Feeds

OSDL accepts GPL proliferation

FSF hopes for Torvalds compromise

Choosing a cloud hosting partner with confidence

LinuxWorld Delegates to this week's open source love-in left San Francisco pondering a a split over the next proposed version of GPL, which governs Linux.

Stuart Cohen, chief executive of the Open Source Development Labs (OSDL), has conceded developers will end up using two versions of GPL - the proposed version 3 license and existing GPL 2 - "for a very long time to come". OSDL is home to Linux creator Linus Torvalds who has publicly branded GPL 3 a "total disaster" and vowed to keep the Linux kernel on GPL 2.

Cohen, speaking during a panel discussion at LinuxWorld in San Francisco, California, denied dual licenses could hurt the pace of Linux and open source work as developers wait to see which license prevails. "The market hasn't stalled... no body is holding [back] releases. A vast majority of developers are on GPL 2 projects", he said.

Proliferation is certainly a concern to Hewlett Packard, already rattled at some of GPL 3's proposed patent provisions. Joining Cohen at LinuxWorld, Christine Martino, the vice president of HP's open source and Linux organization, said a single license would be "great".

GPL governs hundreds of thousands of open source projects, not just Linux, and Martino thinks that vendors may face governance problems, if it came to monitoring which code is used.

Eben Moglen, general counsel for the Free Software Foundation (FSF), pushing GPL 3, downplayed the prospect of license proliferation. He told LinuxWorld a compromise could still be reached during the next round of GPL 3 negotiations.

"I believe his [Torvalds] objections like other peoples' objections can be discussed and discerned, and common ground can be found or at least near common solutions can be found," Moglen said. "In a negotiation when everyone's bottom line is clear the work of serous compromise beings. I believe we will have a successful outcome."

Disagreement is not threatening to derail the FSF's timetable. Moglen committed FSF to finishing GPL 3 by March next year, expressing his view the work could be finished as soon as January. FSF has been working on GPL 3 for two years.

Torvalds has stood out against GPL 3 since publication of the first public GPL 3 draft. His concerns center on digital rights management (DRM) and encryptio. GPL 3 is motivated more by FSF's political agenda against closed source than technical considerations, he argues Version 3 is the first update to GPL in 14 years. The proposed license appears to compel developers to publish their encryption keys, which would prohibit use of open source code under GPL 3 in hardware- and software-based DRM systems.

A second public draft in July did not address Torvalds' issues and, in fact, led him to brand the license a disaster. He posted on Groklaw that the Linux kernel is "staying with GPL v2." He called the failure to address problems in GPL 3 "shortsighted." ®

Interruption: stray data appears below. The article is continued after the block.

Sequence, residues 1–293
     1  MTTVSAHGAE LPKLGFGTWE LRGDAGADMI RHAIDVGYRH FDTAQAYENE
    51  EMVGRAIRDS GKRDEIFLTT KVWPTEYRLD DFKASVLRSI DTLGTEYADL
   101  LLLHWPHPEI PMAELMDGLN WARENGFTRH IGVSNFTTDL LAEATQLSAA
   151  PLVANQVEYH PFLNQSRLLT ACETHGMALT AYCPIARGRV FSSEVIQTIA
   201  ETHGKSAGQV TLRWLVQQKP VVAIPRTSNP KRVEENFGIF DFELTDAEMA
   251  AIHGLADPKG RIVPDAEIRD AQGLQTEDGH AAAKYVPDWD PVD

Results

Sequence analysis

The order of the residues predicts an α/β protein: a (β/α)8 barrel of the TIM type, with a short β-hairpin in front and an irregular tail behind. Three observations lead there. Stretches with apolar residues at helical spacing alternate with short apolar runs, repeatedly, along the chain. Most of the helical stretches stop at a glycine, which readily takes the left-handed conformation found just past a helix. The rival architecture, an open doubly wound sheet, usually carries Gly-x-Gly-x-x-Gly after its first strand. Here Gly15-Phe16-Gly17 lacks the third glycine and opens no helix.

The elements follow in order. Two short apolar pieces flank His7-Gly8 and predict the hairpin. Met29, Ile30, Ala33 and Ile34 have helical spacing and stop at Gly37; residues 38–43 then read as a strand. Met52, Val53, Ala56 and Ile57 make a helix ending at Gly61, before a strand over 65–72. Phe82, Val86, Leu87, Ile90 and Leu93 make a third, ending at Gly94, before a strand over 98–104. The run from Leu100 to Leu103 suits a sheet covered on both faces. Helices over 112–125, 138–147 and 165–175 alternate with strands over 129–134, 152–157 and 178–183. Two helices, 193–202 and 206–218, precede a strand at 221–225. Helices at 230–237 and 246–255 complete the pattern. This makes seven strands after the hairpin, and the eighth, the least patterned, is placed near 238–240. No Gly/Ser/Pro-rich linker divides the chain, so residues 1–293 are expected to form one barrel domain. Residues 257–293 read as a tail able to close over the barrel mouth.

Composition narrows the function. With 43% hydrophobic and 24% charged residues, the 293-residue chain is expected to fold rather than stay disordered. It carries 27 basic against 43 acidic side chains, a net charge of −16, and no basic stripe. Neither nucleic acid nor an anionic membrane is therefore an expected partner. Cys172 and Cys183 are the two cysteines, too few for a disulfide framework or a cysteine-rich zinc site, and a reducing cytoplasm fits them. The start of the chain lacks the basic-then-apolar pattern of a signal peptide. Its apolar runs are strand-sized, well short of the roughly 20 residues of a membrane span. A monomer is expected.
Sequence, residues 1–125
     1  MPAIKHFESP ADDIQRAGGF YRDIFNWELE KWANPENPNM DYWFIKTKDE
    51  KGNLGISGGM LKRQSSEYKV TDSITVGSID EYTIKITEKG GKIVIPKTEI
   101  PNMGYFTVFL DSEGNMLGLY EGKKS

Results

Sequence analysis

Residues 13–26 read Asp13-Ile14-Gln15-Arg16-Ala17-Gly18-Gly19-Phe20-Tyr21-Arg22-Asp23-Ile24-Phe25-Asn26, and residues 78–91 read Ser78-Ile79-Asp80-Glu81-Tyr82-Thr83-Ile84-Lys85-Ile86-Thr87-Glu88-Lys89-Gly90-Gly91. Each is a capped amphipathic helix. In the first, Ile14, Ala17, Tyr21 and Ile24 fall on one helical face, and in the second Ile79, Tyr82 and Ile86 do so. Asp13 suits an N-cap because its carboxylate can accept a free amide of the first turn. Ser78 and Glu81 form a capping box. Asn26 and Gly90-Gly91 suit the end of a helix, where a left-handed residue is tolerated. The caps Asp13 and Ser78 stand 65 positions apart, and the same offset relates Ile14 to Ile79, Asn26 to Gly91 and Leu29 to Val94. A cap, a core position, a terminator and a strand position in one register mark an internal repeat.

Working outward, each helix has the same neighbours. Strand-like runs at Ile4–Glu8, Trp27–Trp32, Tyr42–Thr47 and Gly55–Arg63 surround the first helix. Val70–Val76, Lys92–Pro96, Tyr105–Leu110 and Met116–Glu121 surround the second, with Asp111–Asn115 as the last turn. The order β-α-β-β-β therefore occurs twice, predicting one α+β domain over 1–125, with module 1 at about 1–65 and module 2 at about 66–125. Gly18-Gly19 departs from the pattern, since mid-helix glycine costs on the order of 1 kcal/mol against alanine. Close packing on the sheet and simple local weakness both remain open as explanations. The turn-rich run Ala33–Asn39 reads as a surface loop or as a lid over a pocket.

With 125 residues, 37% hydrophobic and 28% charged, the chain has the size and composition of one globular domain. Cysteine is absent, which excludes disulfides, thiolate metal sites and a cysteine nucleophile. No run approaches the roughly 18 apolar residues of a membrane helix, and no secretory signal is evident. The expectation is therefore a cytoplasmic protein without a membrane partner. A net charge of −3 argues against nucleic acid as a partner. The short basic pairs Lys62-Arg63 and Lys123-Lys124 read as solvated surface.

Providing a secure and efficient Helpdesk

More from The Register

next story
Preview redux: Microsoft ships new Windows 10 build with 7,000 changes
Latest bleeding-edge bits borrow Action Center from Windows Phone
Google opens Inbox – email for people too thick to handle email
Print this article out and give it to someone tech-y if you get stuck
Microsoft promises Windows 10 will mean two-factor auth for all
Sneak peek at security features Redmond's baking into new OS
UNIX greybeards threaten Debian fork over systemd plan
'Veteran Unix Admins' fear desktop emphasis is betraying open source
Entity Framework goes 'code first' as Microsoft pulls visual design tool
Visual Studio database diagramming's out the window
Google+ goes TITSUP. But WHO knew? How long? Anyone ... Hello ...
Wobbly Gmail, Contacts, Calendar on the other hand ...
DEATH by PowerPoint: Microsoft warns of 0-day attack hidden in slides
Might put out patch in update, might chuck it out sooner
Redmond top man Satya Nadella: 'Microsoft LOVES Linux'
Open-source 'love' fairly runneth over at cloud event
prev story

Whitepapers

Choosing cloud Backup services
Demystify how you can address your data protection needs in your small- to medium-sized business and select the best online backup service to meet your needs.
Forging a new future with identity relationship management
Learn about ForgeRock's next generation IRM platform and how it is designed to empower CEOS's and enterprises to engage with consumers.
Security for virtualized datacentres
Legacy security solutions are inefficient due to the architectural differences between physical and virtual environments.
Reg Reader Research: SaaS based Email and Office Productivity Tools
Read this Reg reader report which provides advice and guidance for SMBs towards the use of SaaS based email and Office productivity tools.
Storage capacity and performance optimization at Mizuno USA
Mizuno USA turn to Tegile storage technology to solve both their SAN and backup issues.